You can technically sear a steak in a nonstick pan, but it won’t turn out as good as it should. The meat will be dry and may lack a juicy flavor. You also risk poisoning because nonstick pans can release toxins when heated at high temperatures needed for searing a steak.
The humble nonstick pan has, for many years, been touted as a kitchen essential. This is because they conduct heat well and release food easily, making cooking a breeze.
These features make the nonstick pans quite versatile and great for sauteing, frying, and scrambling eggs. However, If you’re looking for a seared and well-flavored steak with juicy goodness on the inside, a nonstick pan is not the best way to go.
In this article, I’ll explain why nonstick pans are not the best choice to sear a steak and walk you through better alternatives that guarantee a better steak taste.
Why You Shouldn’t Use A Nonstick Pan To Sear Steak
Although I like nonstick pans for most cooking tasks and use them regularly, there are several reasons why chefs like me stay away from searing steak in them.
Proper searing requires intense heat, and nonstick pans don’t have enough surface area to handle the heat needed to render a steak correctly. Also, If you constantly heat steak in a non-stick pan, the pan may begin to break down and lose its ability to retain heat.
At extremely high temperatures, The Teflon in nonstick pans can give off fumes that contain toxic substances. So, it is important to only use your non-stick pans at low-medium temperatures and never leave your pans unattended.
Nonstick pans are made with Teflon, which can be an extremely toxic substance at high temperatures. When most Teflon reaches 300°C, it starts to give out poisonous smoke that could lead to health hazards like fever and headache.
A nonstick surface doesn’t transfer heat as quickly as a cast iron or stainless steel pan. So your cooking time will be dependent on the thickness and size of your meat, but it could take up to an hour to properly sear a steak in a nonstick pan.
Use A Cast Iron or Stainless Steel As A Better Alternative
Searing your steak in cast iron or stainless steel is the ultimate way to lock in the flavor of the steak and start the cooking process at the same time. This will also help your steak retain more moisture and tenderness, making the steak more enjoyable.:
How To Use Stainless Steel For Searing Your Steak
A stainless skillet allows Maximum contact with your steak. And unlike nonstick pans, it wouldn’t get affected when superheated. In fact, the process is so simple and stress-free.
But before we jump into the searing process, below are a few things you should keep in mind in order to get the best out of your steak.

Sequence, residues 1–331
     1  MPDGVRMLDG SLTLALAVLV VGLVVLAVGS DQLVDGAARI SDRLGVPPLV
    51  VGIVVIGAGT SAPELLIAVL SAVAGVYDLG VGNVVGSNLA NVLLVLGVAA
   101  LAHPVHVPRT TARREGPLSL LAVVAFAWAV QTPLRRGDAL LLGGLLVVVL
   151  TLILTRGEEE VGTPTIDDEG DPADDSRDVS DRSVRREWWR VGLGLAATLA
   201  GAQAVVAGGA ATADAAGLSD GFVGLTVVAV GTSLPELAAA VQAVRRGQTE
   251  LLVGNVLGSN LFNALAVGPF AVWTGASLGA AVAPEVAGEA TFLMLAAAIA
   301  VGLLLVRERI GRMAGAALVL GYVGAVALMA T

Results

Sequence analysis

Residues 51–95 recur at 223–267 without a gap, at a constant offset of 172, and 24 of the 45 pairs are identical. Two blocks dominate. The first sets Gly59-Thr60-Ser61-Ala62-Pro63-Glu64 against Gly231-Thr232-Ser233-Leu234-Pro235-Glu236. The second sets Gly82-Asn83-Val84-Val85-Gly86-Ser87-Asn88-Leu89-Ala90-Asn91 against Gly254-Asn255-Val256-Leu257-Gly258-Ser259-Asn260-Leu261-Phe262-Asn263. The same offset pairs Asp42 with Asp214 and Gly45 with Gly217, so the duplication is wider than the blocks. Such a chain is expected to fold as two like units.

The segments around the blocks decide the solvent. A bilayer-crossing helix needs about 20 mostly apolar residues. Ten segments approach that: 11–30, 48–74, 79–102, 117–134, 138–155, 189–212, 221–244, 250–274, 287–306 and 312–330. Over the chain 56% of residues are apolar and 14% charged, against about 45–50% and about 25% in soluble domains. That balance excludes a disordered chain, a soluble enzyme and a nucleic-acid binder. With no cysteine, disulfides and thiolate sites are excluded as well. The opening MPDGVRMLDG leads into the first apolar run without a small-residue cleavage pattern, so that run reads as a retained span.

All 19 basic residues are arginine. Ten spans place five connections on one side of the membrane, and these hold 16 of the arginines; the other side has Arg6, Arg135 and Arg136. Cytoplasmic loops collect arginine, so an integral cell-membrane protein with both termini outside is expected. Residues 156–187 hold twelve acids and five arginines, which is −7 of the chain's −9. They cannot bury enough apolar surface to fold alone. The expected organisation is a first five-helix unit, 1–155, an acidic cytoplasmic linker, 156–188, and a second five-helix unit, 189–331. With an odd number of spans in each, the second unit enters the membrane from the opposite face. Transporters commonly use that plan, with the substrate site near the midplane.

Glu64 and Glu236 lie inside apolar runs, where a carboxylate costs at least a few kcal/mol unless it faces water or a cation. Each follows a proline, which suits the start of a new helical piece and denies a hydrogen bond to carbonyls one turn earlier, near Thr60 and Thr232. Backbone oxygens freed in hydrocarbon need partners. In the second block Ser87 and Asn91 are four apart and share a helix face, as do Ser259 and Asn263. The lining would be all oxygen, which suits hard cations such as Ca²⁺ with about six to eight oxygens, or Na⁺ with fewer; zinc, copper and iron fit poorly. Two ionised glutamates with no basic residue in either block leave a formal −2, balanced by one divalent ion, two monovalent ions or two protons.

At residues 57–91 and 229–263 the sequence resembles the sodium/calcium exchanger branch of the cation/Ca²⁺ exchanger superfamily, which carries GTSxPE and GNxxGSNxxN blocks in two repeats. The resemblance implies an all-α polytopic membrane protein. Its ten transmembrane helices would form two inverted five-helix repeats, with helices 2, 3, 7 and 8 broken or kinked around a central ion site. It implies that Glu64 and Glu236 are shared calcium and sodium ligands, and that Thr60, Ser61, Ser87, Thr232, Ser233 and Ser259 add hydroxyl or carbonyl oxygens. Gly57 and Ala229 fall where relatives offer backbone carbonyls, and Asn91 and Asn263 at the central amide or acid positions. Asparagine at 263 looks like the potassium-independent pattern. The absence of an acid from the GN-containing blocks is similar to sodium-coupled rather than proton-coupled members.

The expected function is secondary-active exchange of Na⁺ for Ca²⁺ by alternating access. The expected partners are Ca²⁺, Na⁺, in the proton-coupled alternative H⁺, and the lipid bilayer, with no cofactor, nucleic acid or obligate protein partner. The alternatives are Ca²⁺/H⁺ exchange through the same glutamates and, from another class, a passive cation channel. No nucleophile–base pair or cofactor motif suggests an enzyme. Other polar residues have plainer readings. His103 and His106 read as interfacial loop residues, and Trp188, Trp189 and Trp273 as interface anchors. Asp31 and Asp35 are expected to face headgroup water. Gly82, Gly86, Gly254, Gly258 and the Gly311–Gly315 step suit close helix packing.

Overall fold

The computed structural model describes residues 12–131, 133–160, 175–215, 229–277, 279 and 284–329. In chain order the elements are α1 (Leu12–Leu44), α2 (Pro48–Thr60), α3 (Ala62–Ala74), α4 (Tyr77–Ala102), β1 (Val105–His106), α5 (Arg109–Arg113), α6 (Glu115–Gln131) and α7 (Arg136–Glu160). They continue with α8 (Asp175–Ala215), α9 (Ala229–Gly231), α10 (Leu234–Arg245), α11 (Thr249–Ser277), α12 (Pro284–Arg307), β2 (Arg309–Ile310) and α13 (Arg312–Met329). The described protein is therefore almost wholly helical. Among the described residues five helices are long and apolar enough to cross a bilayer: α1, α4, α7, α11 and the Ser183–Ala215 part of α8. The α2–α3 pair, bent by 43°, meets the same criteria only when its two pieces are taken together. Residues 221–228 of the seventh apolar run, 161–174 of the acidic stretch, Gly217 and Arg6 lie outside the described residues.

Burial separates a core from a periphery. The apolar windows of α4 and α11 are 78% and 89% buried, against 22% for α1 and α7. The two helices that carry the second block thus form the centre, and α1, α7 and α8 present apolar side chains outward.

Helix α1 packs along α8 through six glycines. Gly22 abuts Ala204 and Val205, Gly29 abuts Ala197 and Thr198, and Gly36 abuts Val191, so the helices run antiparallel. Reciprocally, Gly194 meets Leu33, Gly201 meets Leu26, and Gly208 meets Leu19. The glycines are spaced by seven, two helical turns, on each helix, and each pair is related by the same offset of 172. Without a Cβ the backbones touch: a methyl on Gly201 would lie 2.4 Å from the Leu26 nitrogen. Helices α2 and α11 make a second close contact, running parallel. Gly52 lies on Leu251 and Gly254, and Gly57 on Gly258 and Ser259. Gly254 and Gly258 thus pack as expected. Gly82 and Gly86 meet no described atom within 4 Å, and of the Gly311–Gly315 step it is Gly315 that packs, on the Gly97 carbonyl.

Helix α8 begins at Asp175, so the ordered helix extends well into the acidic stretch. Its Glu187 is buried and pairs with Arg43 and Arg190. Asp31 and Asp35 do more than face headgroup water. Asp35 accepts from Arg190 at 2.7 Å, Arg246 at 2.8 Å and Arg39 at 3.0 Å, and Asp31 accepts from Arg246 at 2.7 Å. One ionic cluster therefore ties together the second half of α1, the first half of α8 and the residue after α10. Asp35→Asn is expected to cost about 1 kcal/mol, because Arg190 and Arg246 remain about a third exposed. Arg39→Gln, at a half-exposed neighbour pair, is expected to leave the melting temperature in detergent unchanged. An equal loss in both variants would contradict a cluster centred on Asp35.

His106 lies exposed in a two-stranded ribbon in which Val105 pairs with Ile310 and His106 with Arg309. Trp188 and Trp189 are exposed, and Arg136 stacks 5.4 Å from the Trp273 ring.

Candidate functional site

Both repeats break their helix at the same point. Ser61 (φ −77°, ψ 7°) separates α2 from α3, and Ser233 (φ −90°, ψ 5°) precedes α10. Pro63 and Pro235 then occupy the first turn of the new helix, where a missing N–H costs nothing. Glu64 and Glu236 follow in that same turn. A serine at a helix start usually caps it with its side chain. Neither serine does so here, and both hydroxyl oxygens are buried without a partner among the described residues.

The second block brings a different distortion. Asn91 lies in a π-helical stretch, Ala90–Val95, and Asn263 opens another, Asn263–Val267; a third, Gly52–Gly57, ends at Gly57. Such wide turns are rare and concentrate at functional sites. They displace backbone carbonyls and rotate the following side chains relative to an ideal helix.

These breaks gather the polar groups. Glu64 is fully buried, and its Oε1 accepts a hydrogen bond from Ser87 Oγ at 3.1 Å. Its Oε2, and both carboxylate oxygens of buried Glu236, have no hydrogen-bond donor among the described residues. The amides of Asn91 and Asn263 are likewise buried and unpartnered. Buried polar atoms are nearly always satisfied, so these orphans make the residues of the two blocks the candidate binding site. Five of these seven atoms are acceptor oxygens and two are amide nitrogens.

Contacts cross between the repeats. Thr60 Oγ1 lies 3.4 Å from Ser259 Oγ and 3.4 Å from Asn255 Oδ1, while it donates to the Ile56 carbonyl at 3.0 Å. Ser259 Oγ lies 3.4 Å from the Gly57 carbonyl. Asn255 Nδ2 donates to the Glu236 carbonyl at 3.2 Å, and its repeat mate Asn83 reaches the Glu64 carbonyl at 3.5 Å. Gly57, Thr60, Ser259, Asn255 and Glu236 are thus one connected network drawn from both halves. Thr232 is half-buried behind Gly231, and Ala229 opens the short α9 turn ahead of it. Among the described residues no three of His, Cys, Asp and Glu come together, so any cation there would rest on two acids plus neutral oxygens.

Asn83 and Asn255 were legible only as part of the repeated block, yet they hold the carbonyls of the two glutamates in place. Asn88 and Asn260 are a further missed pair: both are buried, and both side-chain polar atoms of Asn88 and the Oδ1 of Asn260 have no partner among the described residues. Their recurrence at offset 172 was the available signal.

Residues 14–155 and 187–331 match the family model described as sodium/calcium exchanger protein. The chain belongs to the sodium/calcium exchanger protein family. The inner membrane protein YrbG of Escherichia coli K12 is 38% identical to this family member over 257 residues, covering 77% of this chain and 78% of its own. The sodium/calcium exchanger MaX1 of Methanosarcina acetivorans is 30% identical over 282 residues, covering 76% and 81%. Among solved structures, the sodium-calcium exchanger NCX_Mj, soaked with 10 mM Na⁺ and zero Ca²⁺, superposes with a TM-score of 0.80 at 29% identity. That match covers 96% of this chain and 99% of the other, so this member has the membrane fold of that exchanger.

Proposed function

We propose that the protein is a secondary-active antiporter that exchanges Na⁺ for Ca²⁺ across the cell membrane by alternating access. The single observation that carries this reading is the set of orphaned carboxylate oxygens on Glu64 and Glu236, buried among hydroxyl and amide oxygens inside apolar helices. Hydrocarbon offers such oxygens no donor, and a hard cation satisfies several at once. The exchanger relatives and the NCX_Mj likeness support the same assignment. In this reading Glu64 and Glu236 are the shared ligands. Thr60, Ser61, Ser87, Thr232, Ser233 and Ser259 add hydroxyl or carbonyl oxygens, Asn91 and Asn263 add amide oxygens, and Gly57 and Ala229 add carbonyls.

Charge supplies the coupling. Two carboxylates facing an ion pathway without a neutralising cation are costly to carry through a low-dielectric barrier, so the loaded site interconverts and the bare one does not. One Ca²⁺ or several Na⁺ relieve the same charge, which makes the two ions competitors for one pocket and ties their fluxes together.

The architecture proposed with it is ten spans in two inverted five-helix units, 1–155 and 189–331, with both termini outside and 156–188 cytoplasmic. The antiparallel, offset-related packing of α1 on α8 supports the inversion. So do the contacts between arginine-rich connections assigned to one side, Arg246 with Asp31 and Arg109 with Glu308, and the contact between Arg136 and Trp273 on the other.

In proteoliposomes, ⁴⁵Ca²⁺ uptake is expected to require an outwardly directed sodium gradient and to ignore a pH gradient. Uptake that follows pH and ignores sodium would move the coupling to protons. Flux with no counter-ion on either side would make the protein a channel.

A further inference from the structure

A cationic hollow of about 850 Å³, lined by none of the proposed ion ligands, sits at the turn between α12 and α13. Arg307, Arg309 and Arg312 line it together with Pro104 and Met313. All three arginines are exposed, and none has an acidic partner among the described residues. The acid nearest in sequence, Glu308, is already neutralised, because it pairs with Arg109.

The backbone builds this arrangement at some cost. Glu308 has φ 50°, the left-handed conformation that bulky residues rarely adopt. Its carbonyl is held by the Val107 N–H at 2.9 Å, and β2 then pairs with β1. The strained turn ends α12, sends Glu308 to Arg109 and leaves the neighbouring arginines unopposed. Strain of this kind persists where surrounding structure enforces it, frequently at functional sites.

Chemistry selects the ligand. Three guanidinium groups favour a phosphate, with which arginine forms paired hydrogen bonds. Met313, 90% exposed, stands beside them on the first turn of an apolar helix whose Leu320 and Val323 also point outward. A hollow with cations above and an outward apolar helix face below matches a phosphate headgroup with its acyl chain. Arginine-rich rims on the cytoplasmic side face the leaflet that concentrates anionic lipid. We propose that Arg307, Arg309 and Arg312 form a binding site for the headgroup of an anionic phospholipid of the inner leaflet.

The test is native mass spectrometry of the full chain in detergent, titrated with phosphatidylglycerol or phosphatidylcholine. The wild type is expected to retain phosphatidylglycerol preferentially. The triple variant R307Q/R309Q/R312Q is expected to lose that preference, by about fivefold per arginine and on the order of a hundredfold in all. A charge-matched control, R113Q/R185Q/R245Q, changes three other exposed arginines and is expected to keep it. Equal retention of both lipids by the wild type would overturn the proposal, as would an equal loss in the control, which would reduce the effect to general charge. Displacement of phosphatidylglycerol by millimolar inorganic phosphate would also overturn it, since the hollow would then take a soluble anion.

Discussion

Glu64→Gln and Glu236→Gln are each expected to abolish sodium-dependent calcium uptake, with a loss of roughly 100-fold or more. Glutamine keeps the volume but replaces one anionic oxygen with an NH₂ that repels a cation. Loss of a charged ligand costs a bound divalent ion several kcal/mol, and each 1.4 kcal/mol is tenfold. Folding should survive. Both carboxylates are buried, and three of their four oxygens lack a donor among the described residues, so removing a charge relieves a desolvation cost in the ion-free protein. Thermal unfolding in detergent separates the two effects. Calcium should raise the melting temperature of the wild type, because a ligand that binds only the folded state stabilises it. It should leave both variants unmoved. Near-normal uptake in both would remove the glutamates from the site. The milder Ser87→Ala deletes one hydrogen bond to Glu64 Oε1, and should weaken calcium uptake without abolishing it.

A steak that is more than 1.5 inches thick would not be able to be cooked as well as those that are thinner. This is because its large size would prevent the heat from reaching the inside correctly.
You would make a seared steak tastier when you marinate it well and promptly. Marinating also allows your seasoning to infuse with the steak and tenderize the meat.
You should always bring out the steak from the fridge about an hour prior to cooking. This prevents the inside of the steak from remaining too cold and the outside from burning.
When you are done preparing your steak for the best possible outcome, you can then go ahead and sear.
To get started:
- Pour heat-friendly oil such as canola oil evenly on your pan.
- Allow it to heat until the first sign of smoke starts showing.
- Then, place your well-marinated steak gently on your pan.
- Flip it every one minute and watch closely to avoid burning your steak
- Finally, Use your tong to remove the steak when it becomes golden brown. It usually takes 5 minutes for each side to become golden brown.
Best Practices For Searing With A Nonstick Pan
As I mentioned earlier, nonstick pans are not the best options for searing your steak. However, if the multipurpose pan is all you’ve got, below are some tips to give your steak a better taste and make searing less stressful.
Avoid High Temperatures
Tefron is not made to be consistently excessively heated. So they can be harmful when you overheat them. If you want to sear your steak, set the heat to an optimal range of 100°C to 135°C. This ensures that you sear your steak without putting your health at risk or damaging your non-stick pan.
Avoid Using Metal Utensils
If a metal material scratches the surface area of a nonstick pan repeatedly, the pan’s surface will start to scrape off. So, while turning over your steak. It’s best to use a wooden utensil. However, if you insist on using a metal spoon, do all your best to make sure the turning over of the steak is quick but careful.
Properly Oil The Pan’s Base
Whether it is a lamb thigh or pork, your steak would sear better on a nonstick pan if the base is well oiled.
FAQs On Can You Sear A Steak In A Nonstick Pan
Do I Need To Marinate My Steak Before Cooking?
It is not necessary to marinate your steak before cooking. However, if you are looking for a moist and well-flavored steak, then you should marinate it before cooking. This way, the steak will be nicely caramelized and tasty.
What Oil Is Best For Searing Steak?
To sear a steak, use a high smoke point oil like peanut oil, canola oil, grapeseed oil, sunflower oil, and sesame oil. I recommend using grapeseed oil if you’re looking for something less expensive with a neutral flavor.
How Long Do You Sear A steak?
The length of time you sear a steak depends on the thickness of the steak. For example, if you are using a steak of 1 to 1.5-inch thickness, you only have to sear the steak for about 2 minutes on each side in a very hot non-stick skillet, cast iron pan, or griddle.